There is this moment when the thing we fear becomes like an animal in a cage. We feed it, give it treats, reach into to steal a stroke, tease it, name it, watch it pace in front of the bars. We get comfortable with it and begin to lose the tightness in our belly. We begin to believe our feelings were not justified, that we were just being silly. We begin to make friends with that animal in the cage and we decide to let it out, to see if it has suddenly become civilized. Inevitably, it has not and then comes the bloody, broken mess on the floor that we have to clean up even as we know we created the mess and we don't want to see that thing we've let loose. And we have to put it back in the cage, the struggle ensues, and we are irrevocably scarred by the experience only to begin the process again.
Lately I seem to be reading, talking, thinking, talking, watching, talking about inclusion and diversity. As if one of those things is somehow more valuable than the other, as if we can find the perfect balance of what it means to be a person in this skin, in this body, in this place, in these conditions. We can define it, name it, put it in the cage and watch it rail against the boundaries we have made, knowing it cannot get out.
Sometimes I am irritated by just how much attention is paid to our differences. It's as if we cannot recognize each other without first drawing a little mental picture of what sets us apart. You are tall, I am short. You are rich, I am poor. You are black, I am white. You are boy, I am girl. Exploring all of these, listing them, until we've got some common ground somewhere. As if being human in the first place was not enough, as if sharing the same space, the same air, the same moment in time is not good enough for forging a bond and putting us square. First, let me identify you, assign you a role, and then I can acknowledge that maybe, just maybe, you defy that role. Diversity (fists in the air to emphasize the point)! Look how much we don't share!
And yet, I am not allowed to point out these differences at all. They must be unspoken. Little markers to measure each other by, but always on the down-low as if the words themselves carry some sort of power to define us. I must include you, after all you fit the category or close enough to it. I must include you despite how glaringly you do not fit the bill and I must not ever explain why I thought you might not want to come along. That is wrong. Because, inclusion! Inclusion!
You might be reading me all wrong here. Let me be clear: My daughter is black and it's wonderful. I don't spend a lot of time thinking about how she is black and I am white and WOW! we are suddenly so very different. I do want her to understand the culture that is uniquely hers, the one I cannot belong to no matter how much I might admire it. I do talk about those floating concepts like adoption. I do at times worry that she might not know how to answer those inevitable questions, those eyebrows raised in surprise, those second glances that happen when people suddenly realize I am her mom. And they do happen. Often. I do spend time noticing how beautiful her skin is in the light, or how vivid the whites of her eyes are in the dark, how markedly different the bottoms of her feet are to the rest of her foot. So does she, for the record, without any prompting from me. She wants to know why this is and how it changes things. It doesn't, not really, except that maybe I have a greater appreciation for the body and how it defies convention. How it does not notice it is different, but goes on trying to work, full steam. I love that somehow she is quite particularly my daughter in so many ways and without any effort on either part. Nature versus nurture forgets there is a God and His hand brought her here.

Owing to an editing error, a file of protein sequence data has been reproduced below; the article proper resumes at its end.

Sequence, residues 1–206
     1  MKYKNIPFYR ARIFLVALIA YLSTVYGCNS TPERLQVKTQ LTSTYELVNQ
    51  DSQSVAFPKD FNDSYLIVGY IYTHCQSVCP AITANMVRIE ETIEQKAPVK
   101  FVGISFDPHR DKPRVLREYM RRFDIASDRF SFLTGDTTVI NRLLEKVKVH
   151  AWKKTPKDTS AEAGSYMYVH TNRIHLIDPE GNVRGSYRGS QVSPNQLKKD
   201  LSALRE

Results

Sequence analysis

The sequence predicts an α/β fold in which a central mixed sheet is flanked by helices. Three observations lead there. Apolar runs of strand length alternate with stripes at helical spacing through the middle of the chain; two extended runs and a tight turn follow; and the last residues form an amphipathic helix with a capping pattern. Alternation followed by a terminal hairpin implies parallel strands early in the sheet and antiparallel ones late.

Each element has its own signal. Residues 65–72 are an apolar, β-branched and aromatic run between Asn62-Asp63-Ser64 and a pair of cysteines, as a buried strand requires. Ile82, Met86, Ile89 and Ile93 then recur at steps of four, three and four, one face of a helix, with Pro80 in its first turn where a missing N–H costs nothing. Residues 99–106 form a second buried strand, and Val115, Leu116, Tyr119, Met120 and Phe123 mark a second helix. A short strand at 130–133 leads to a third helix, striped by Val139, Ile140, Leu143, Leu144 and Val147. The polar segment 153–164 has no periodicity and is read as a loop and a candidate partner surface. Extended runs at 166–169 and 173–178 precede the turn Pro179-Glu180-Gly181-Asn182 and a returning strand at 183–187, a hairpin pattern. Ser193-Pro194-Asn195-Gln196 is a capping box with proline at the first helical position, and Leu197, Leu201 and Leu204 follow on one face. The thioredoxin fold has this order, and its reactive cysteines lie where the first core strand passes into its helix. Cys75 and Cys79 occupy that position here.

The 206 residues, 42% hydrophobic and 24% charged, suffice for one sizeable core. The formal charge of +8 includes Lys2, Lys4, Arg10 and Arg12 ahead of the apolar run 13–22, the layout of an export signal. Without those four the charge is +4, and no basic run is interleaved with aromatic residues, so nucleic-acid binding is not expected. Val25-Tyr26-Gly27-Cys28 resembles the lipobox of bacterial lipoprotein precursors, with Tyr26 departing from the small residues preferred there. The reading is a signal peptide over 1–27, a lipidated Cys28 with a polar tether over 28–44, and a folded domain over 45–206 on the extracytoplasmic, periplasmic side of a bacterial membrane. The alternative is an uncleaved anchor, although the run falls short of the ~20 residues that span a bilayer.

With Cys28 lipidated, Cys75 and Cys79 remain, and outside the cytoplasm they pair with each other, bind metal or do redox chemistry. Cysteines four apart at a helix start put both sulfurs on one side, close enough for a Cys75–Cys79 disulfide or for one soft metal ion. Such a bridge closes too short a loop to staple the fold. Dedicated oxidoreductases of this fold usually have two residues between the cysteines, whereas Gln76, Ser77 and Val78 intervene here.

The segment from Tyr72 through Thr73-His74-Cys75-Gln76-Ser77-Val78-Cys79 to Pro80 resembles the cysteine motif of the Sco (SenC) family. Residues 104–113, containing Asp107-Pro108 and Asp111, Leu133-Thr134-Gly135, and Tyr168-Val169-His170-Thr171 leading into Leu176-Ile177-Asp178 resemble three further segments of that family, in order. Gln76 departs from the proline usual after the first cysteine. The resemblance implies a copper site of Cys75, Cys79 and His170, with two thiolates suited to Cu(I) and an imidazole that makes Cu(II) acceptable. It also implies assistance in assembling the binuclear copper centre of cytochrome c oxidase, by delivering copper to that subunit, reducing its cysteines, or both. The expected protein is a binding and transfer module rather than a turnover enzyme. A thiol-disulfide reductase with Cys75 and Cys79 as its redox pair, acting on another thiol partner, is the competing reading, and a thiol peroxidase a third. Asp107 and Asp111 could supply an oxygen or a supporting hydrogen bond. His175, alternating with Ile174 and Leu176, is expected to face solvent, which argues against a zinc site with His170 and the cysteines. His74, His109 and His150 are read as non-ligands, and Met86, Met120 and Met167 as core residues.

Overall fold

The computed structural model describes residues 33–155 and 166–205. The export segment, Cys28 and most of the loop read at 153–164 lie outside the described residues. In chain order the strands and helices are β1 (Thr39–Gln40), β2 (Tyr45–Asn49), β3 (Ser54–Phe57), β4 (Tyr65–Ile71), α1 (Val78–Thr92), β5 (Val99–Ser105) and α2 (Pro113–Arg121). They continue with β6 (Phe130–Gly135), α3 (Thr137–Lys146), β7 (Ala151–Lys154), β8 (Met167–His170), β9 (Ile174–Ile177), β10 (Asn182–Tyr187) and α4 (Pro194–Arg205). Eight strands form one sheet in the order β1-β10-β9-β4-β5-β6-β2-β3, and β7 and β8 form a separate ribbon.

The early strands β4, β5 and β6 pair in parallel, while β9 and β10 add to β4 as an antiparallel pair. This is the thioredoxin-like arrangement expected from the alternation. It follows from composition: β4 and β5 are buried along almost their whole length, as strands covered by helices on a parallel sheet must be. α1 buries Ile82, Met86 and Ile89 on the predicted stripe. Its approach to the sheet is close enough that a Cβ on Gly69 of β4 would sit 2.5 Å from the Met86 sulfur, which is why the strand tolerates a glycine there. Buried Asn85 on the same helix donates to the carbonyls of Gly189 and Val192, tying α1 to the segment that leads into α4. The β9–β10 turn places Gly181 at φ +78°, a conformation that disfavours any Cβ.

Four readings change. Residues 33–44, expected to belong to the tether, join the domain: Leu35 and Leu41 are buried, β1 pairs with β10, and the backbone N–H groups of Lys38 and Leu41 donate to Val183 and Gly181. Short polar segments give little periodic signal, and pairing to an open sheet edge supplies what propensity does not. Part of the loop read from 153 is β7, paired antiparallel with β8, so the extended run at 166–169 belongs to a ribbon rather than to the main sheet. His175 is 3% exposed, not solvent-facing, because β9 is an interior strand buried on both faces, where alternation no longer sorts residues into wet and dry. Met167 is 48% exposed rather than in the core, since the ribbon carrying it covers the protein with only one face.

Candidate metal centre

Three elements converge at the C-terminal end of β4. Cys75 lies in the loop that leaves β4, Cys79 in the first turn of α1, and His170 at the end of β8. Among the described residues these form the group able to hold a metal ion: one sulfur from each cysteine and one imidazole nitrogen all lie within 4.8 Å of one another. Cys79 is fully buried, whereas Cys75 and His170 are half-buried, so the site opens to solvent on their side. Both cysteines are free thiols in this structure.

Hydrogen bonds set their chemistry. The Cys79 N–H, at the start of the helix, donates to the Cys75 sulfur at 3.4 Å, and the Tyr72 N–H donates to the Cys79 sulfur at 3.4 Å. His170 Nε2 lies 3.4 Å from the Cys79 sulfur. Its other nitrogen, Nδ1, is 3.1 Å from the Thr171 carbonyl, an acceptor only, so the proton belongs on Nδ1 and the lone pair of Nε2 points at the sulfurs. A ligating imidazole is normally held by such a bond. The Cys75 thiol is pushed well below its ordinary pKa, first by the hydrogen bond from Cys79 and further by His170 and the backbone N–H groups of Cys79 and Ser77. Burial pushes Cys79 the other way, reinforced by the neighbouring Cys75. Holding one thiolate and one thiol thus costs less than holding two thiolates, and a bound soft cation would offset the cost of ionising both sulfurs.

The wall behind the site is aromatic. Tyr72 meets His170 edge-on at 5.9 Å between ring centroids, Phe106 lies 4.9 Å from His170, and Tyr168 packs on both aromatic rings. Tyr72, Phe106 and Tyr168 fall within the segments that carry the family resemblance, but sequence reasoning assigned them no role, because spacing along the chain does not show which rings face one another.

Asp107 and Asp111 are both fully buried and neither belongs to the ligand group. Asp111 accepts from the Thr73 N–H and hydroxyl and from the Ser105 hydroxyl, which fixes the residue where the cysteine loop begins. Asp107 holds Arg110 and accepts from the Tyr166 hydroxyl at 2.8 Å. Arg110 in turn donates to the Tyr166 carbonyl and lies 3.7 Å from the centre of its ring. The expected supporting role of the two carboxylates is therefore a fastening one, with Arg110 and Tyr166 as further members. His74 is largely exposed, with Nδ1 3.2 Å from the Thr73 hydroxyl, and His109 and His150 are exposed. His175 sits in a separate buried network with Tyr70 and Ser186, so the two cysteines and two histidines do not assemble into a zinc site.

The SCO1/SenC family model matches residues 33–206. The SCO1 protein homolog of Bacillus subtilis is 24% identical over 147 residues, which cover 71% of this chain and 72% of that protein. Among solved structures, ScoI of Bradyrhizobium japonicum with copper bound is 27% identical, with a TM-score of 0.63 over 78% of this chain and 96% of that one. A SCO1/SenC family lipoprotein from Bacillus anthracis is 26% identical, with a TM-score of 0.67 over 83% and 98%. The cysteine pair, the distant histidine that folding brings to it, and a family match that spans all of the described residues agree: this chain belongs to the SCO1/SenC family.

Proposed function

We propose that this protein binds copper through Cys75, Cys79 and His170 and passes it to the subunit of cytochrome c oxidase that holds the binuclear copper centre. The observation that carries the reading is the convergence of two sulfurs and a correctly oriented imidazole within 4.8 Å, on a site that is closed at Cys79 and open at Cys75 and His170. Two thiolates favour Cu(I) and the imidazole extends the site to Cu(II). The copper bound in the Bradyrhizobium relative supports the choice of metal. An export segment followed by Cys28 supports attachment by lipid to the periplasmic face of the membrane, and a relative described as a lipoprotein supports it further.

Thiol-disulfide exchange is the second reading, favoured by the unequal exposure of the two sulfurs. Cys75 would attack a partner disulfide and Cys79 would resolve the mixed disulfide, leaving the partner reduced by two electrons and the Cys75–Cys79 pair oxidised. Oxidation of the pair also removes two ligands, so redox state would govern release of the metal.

But back to that caged animal.
I feel really defensive when I read narratives about how differently we treat people based on their status as black, white, male, female, Hispanic, immigrant, on and on. OF COURSE we do, and not always, often not, in good ways because we are people and inherently prone to making stupid choices. We excel at being stupid about this kind of thing. I wonder, though, how much we bang this drum because we want to hear the noise of it. How much we create lines between us because we are afraid or ignorant or irresponsible or just plain mean. There is the line! See it! Don't touch it! It might move! But, don't forget about it! In fact, we better celebrate it! I wonder why we spend so much time calling it something: racism, sexism, classism, isolationism - so many isms. When really, all along, it is just one thing: We've forgotten who we are. Humans. People. Children of God. Or, even if you prefer, members of the same species. We are the same, but our colors are as bright and glorious as a butterfly's wing. And until that beauty becomes the thing we talk about most because it is beautiful, I fear it will continue to be that caged animal. Locked up, separated, afraid and dangerous. Something we look at and talk about and tease. Something to fear simply because it has not been understood.